Yankees co-chairman Hank Steinbrenner, like his father George, has never been one to mince words. When it comes to where pitcher Joba Chamberlain should be -- the bullpen or the starting rotation -- the younger Steinbrenner's expectations are crystal clear.
"I want him as a starter and so does everyone else, including him, and that is what we are working toward and we need him there now," Steinbrenner told The New York Times. "There is no question about it, you don't have a guy with a 100-mile-per-hour fastball and keep him as a set-up guy. You just don't do that. You have to be an idiot to do that."
Yankees general manager Brian Cashman apparently disagrees.
"Joba's staying in the bullpen right now," Cashman told Newsday on Monday. "That's where we're at. [Putting him in the rotation is] not something that's going to happen here early on, and [Hank] knows that. We've talked about it. I don't know what set him off."
On Monday evening, Steinbrenner toned down his comments.
"We're not going to rush him," the New York Yankees co-chairman said at the team's spring training complex. "I think most people agree with me, including the baseball people and most of the fans, that sooner or later it would be nice if he was a starter."
Cashman then said that the two had come to a meeting of the minds.
"Hank and I talked. We didn't need to," Cashman said. "We were on the same page yesterday. We're on the same page today. And we're on the same page moving forward. Joba Chamberlain is bullpen because it's where he's needed the most right now as well as because he has an innings limit. He can't start because of that innings limit or he'd have to stop starting here at some point."
Cashman expects the switch to the rotation to come sometime this year.
"He'll finish out as a starter. He won't start as a starter," the GM said.
Earlier in the day, Cashman said it's too early to make any drastic changes.
"If you had bet on the kids doing great out of the gate, it wouldn't necessarily be a safe bet, but we're betting on them in the long term, not necessarily in the short term," Cashman told Newsday. "We're certainly not playing up to our capabilities after 20 games we made our decisions [in the offseason] and our season is now under way. It's way too early to start making judgments on anything."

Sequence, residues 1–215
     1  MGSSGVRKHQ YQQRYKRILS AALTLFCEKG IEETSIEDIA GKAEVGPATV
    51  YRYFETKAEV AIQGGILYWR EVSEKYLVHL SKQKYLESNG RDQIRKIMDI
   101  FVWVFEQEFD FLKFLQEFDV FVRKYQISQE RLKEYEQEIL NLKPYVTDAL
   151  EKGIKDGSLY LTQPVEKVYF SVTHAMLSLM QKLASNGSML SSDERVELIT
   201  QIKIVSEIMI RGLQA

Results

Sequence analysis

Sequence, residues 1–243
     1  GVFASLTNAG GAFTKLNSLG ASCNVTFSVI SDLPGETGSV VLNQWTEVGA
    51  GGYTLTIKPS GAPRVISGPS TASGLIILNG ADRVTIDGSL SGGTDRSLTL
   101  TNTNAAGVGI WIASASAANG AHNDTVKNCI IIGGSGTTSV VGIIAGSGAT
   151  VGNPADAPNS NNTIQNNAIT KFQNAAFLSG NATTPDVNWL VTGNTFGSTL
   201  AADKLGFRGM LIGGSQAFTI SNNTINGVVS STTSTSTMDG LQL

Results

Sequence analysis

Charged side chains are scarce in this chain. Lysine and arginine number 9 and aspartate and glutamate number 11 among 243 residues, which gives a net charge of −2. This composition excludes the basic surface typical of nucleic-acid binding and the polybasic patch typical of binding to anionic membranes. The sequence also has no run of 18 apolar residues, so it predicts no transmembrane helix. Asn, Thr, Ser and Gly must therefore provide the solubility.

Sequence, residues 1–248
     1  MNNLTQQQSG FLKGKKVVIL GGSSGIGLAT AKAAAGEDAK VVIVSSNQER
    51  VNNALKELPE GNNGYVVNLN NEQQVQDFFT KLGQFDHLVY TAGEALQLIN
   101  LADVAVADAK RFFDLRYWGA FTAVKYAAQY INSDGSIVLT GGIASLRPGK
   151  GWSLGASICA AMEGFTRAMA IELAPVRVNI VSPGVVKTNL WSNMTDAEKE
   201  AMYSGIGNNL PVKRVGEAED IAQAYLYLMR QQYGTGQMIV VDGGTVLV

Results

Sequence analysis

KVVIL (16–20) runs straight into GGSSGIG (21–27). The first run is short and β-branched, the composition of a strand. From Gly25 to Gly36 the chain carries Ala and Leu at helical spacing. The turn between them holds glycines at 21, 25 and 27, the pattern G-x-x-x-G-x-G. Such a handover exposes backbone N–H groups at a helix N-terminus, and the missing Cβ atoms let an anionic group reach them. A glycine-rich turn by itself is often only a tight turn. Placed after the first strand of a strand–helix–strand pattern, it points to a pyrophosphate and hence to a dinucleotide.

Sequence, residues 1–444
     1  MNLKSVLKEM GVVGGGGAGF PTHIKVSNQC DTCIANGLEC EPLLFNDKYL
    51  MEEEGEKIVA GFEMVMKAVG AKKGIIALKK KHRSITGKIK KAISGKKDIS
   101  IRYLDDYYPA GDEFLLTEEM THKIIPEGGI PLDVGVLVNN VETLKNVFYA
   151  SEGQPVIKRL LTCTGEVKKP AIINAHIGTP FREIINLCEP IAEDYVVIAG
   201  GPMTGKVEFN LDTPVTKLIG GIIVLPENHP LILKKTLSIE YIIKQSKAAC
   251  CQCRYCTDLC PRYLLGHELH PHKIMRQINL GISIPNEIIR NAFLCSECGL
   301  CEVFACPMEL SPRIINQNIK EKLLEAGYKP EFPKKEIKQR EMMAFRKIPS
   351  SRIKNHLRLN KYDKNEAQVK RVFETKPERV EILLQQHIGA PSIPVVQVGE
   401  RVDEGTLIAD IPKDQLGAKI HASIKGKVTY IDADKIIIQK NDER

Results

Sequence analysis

Steinbrenner has high expectations for Chamberlain, comparing his potential to that of Boston ace Josh Beckett.
"We need a Beckett, we don't have one, and he's the one that can do it." Steinbrenner said.
Through Sunday's games, the Yankees stand at 10-10 and are closer to the bottom of the AL East than the top. New York is three games behind division-leading Boston and just 1½ games ahead of cellar dweller Tampa Bay.
Steinbrenner also took issue with how the Yankees handled Chamberlain's situation last season, before the eldest son of George was in a position to make changes.
"The mistake was already made last year switching him to the bullpen out of panic or whatever," Steinbrenner told The Times. "I had no say in it last year and I wouldn't have allowed it. That was done last year, so now we have to catch up. It has to be done on a schedule so we don't rush him."
Chamberlain, who had missed five games to be with his sick father in Nebraska, returned to the Yankees on Saturday. He pitched a scoreless eighth inning in the Yankees' 6-0 loss to the Orioles. Chamberlain said his father was doing much better.
The one name missing from that list is current starter Mike Mussina. Steinbrenner also had a suggestion for the starting pitcher who has 251 victories in an 18-year career.
"[Mussina] just needs to learn how to pitch like [45-year-old Phillies pitcher] Jamie Moyer," Steinbrenner said, according to The Times. Moyer is known as a crafty pitcher who doesn't have an overpowering fastball.
"The starting rotation is not what I would have chosen at the beginning of the year, but that is not a big news flash to anyone," Steinbrenner said in The Times.
The Yankees were down another reliever.
"I do know for a fact that Farnsworth did not intend to throw it exactly where it went, that close to behind his head," Steinbrenner said. "That's not what he intended. I thought Manny handled it with class, his response. Kyle is doing his job, backing his team. But he did not intend to put it in that spot."
Ramirez told Boston-area reporters he thought that Farnsworth did not deserve the suspension.
The Associated Press contributed to this report.